I had originally planned this commentary simply to let you, our readers, know about the changes in our usual coverage for the remainder of the summer: Larry Wallach, Seth Lachterman, and Keith Kibler will bravely continue their coverage of summer festivals in the Berkshires and Hudson Valley, while I visit Bayreuth, to review the entire 2010 season: Tankred Dorst’s production of the Ring, along with the controversial productions of Parsifal (Stefan Herheim, 2008), Die Meistersinger (Katharina Wagner, 2007), and Lohengrin (Hans Neuenfels, 2010). I left my rat-catching gear at home, not wishing to incur overweight charges and thinking it might be cheaper simply to purchase the necessaries here, but all the ratting supply stores in Bayreuth are sold out of equipment, and I realize that I simply have to remain unrattled, while the rodents run free.
Simon Rattle Conducts the Orchestra of the Age of Enlightenment in the Love Scene from Roméo et Juliette and Wagner’s Tristan, Act II
Point taken. Whenever period orchestras venture far beyond the Baroque, they have something to prove. But at last night’s concert of Wagner and Berlioz by the esteemed Orchestra of the Age of Enlightenment, some of the proof was self-evident. Banished completely are the intonation problems that plagued such ensembles in the past; one felt secure in the technical abilities of every section; the wind soloists played as expressively as anyone could wish. London is a center for period performance, which has become beloved. Sir Simon Rattle has conducted Act II of Tristan, in concert with the forces of Berlin and Vienna, but it’s good to be flexible, and since he enjoys a long-standing rapport with the OAE, they were a comfortable fit.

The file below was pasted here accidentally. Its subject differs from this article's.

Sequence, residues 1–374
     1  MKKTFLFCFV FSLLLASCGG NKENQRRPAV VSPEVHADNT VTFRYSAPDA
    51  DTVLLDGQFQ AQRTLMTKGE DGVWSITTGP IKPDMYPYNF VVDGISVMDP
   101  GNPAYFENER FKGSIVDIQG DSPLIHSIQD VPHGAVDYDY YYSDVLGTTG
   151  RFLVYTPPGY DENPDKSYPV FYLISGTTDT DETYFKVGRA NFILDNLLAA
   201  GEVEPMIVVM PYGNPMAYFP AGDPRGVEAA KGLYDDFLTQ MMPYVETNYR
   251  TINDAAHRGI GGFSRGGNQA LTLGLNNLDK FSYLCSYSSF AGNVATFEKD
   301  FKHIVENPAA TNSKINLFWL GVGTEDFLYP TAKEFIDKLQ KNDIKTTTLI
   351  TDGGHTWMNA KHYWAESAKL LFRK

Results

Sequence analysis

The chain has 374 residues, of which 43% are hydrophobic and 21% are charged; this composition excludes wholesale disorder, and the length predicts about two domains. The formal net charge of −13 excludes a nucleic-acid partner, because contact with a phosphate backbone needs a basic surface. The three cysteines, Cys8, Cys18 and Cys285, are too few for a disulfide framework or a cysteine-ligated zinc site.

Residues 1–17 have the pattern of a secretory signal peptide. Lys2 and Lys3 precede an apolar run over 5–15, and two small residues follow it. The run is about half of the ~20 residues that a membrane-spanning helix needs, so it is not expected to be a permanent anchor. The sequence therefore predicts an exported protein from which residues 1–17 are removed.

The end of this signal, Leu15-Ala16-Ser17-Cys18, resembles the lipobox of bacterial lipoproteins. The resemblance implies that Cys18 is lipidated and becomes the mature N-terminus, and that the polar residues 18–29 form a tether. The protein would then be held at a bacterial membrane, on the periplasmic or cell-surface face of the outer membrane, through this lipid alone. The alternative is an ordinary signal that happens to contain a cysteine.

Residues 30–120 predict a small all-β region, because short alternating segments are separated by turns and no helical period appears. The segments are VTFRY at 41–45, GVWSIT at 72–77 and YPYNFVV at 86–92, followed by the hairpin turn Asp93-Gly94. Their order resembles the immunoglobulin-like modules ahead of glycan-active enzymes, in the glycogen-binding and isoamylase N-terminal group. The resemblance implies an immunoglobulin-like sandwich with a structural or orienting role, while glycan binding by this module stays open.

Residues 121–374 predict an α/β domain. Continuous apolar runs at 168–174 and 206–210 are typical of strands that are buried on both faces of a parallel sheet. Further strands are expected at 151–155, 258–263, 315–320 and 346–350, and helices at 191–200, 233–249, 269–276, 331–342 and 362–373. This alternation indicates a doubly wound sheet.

“Sachs, mein Freund!” Bryn Terfel has sung extracts from Hans Sachs’s music for years, and the character always seemed well suited to his warm voice and air of easy humanity. But he didn’t unveil the complete role until this season, in the very production of Die Meistersinger that visited the Proms last night. Terfel proudly puts Welshman after his name, and he promised the country’s National Opera that they would get his first Sachs. Six thousand listeners in Albert Hall spent most of the afternoon and evening for the privilege, just over six hours (imagine the ones in the arena who had to stand), with scarcely a handful leaving early. Terfel raises sheep at home, and it takes a golden fleece to hear him in Covent Garden, the Met, or Salzburg. Here he was cheap as chips but musically priceless.
Dressing up in a monkey suit is a time-honored profession in Hollywood. Many is the young actor or layabout who has earned a few dollars by dressing up as a gorilla — or Batman or Chewbacca — and going out into the streets with pamphlets to spread the good news about some new deli or used car lot or strip show. For a while, gorilla suits were popular in the studios as well. (That’s a whole genre that’s almost entirely forgotten today.) I reflected on this, as, on the eve of Das Rheingold, I drove along Sunset Boulevard, observing the crowds of tourists in front of Grauman’s Chinese Theater, along with a group of people dressed up as comic book heroes who were available to pose with the visitors. I wondered if any of them thought about the impoverishment of the imagination that these comic book figures have brought to the movies. Humphrey Bogart, Barbara Stanwyck, Walter Huston, and Bette Davis all created characters in their own way, even if they remained recognizable as themselves in their parts. We know what to expect from Batman and Darth Vader simply by their costume, their design, or merely the outline of their shadow on a fictitious pavement. Characterization and acting are superfluous, even though some of these characters have human vehicles, who are dutifully provided with origins, relationships, and dilemmas, by screenwriters who know that they can only sink so low.